<?xml version="1.0" encoding="utf-8" ?> 
<PurchaseOrder xmlns_xsd=""

If PurchaseOrder was a large and complex class, perhaps using one of the .NET collection classes to hold a collection of items, I would still need just this little block of code to write it out as XML: make a serializer and a writer, then call Serialize(). To rehydrate objects from XML, you just do the same work in reverse:

PurchaseOrder* po2 = new PurchaseOrder();
ser = new System::Xml::Serialization::XmlSerializer(po2->GetType());
System::IO::FileStream* fs = 
     new System::IO::FileStream("po.xml", 
po2 = (PurchaseOrder*) ser->Deserialize(fs);
System::Console::WriteLine("Rehydrated customer is {0}.",

If you’re using DataGrids in either ASP.NET or Windows applications, you can load them from a file of XML (wonderful for quick prototypes) or as part of your debugging, have them dump themselves out to XML when you need to. Just make an empty DataSet object, call its ReadXml method to fill it with XML from a file, then make it the data source for your DataGrid and call DataBind(). Or grab the XML from the DataGrid like this:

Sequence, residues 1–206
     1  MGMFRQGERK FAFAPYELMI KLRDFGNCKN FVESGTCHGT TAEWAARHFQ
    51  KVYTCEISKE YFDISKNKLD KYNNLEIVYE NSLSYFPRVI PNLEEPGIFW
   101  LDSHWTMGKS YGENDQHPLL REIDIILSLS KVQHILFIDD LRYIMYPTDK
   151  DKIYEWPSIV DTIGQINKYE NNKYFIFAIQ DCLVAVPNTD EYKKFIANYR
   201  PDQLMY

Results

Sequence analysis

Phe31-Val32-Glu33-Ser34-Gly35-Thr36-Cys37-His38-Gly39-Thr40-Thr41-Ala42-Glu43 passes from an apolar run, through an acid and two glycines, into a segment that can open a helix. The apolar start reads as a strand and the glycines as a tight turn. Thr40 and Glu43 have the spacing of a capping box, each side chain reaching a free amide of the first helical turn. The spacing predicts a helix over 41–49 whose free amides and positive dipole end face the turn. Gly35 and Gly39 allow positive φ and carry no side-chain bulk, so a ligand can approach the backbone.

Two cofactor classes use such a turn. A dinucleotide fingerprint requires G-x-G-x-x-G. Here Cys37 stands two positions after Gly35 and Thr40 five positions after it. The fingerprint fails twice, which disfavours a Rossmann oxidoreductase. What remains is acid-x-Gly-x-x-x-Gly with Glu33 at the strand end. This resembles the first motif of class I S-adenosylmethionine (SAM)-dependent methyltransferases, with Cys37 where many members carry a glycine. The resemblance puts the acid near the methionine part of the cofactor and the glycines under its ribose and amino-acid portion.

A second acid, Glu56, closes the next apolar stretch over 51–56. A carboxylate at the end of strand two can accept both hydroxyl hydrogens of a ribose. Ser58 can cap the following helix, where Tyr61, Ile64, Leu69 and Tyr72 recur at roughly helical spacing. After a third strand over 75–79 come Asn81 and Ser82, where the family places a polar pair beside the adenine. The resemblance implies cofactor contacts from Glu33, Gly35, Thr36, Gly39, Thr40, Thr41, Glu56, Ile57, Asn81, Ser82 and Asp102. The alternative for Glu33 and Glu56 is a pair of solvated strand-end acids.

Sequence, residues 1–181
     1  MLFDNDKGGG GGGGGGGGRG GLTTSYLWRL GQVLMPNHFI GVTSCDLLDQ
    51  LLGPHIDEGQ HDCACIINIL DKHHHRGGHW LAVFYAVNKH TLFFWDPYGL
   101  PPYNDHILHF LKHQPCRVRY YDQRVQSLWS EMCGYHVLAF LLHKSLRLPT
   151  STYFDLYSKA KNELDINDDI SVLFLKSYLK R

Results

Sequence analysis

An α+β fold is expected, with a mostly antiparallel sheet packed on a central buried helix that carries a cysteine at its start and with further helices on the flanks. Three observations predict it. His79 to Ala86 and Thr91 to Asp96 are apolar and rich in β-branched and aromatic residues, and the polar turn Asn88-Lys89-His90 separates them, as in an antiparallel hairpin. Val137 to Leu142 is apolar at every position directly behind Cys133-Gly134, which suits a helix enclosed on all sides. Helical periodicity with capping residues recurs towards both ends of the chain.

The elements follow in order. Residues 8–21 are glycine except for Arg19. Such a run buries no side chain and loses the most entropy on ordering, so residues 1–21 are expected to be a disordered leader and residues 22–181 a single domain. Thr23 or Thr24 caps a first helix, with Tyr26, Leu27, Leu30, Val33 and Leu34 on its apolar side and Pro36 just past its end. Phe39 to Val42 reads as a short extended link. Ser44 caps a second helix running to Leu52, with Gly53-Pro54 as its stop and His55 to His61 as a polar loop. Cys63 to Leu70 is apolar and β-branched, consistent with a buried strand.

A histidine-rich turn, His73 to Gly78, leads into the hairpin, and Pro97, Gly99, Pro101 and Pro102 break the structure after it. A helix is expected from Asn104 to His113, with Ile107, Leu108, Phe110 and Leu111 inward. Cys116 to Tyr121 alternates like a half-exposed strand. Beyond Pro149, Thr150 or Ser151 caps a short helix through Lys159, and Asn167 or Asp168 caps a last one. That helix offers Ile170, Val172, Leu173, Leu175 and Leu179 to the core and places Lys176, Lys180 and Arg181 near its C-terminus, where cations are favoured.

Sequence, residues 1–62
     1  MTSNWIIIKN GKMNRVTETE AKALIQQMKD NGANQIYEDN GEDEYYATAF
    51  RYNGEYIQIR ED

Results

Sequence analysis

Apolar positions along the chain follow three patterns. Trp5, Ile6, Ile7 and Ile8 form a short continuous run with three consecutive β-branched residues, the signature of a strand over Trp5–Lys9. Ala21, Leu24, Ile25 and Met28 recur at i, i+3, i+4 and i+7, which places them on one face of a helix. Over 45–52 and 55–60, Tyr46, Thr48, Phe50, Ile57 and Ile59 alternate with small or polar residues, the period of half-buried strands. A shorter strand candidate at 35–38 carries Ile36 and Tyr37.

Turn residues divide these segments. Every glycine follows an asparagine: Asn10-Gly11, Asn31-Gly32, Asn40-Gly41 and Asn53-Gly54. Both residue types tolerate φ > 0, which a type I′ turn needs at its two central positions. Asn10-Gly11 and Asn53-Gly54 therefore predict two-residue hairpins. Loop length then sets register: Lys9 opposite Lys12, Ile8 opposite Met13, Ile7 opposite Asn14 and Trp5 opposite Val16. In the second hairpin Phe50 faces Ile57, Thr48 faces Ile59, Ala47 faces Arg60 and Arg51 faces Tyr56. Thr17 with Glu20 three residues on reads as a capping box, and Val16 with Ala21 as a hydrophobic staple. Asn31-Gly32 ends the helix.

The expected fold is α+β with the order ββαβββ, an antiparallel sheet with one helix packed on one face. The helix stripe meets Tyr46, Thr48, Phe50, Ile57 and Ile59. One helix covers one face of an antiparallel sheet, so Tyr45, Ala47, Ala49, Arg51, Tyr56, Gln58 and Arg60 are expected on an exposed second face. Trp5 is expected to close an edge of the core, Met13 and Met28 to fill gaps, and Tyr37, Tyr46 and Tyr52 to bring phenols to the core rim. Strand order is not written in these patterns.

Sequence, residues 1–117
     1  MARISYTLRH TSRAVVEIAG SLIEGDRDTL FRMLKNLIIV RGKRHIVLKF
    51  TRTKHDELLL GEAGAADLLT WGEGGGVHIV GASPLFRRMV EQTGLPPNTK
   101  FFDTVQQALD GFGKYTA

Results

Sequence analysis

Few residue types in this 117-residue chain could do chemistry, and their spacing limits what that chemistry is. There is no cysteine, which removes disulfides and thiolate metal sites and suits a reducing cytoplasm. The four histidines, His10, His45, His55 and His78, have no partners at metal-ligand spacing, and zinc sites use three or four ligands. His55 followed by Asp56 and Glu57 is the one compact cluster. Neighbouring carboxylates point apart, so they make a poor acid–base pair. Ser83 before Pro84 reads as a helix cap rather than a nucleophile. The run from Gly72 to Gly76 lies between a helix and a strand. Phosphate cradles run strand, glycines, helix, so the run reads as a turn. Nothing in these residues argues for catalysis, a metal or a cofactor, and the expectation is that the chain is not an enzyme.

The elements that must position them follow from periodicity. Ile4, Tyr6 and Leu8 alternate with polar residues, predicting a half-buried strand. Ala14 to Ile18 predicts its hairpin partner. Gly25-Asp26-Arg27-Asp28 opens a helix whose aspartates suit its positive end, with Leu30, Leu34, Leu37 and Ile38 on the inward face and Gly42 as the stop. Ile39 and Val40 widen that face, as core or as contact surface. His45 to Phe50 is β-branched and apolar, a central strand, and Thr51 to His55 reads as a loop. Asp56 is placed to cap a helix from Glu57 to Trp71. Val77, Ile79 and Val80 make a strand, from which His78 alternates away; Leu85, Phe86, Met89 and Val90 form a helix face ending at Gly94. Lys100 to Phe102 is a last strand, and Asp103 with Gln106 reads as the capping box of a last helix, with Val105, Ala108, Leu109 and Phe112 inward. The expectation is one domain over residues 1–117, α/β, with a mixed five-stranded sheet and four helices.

xmlstring = DataGrid1->DataSource->GetXml();

There’s so much more you can do with XML using the .NET class libraries. In just a line or two, you can generate XML, transform from one layout to another, or find subsets of a document. With the schema support in Visual Studio you can generate a schema that matches a sample XML file, or edit XML with Intellisense that knows the schema you’re using and reminds you what elements or attributes are allowed where you’re typing. XML is at the heart of the .NET revolution, so you should see what it’s all about sooner rather than later.

About the Author

Kate Gregory is a founding partner of Gregory Consulting Limited ( In January 2002, she was appointed MSDN Regional Director for Toronto, Canada. Her experience with C++ stretches back to before Visual C++ existed. She is a well-known speaker and lecturer at colleges and Microsoft events on subjects such as .NET, Visual Studio, XML, UML, C++, Java, and the Internet. Kate and her colleagues at Gregory Consulting specialize in combining software develoment with Web site development to create active sites. They build quality custom and off-the-shelf software components for Web pages and other applications. Kate is the author of numerous books for Que, including Special Edition Using Visual C++ .NET.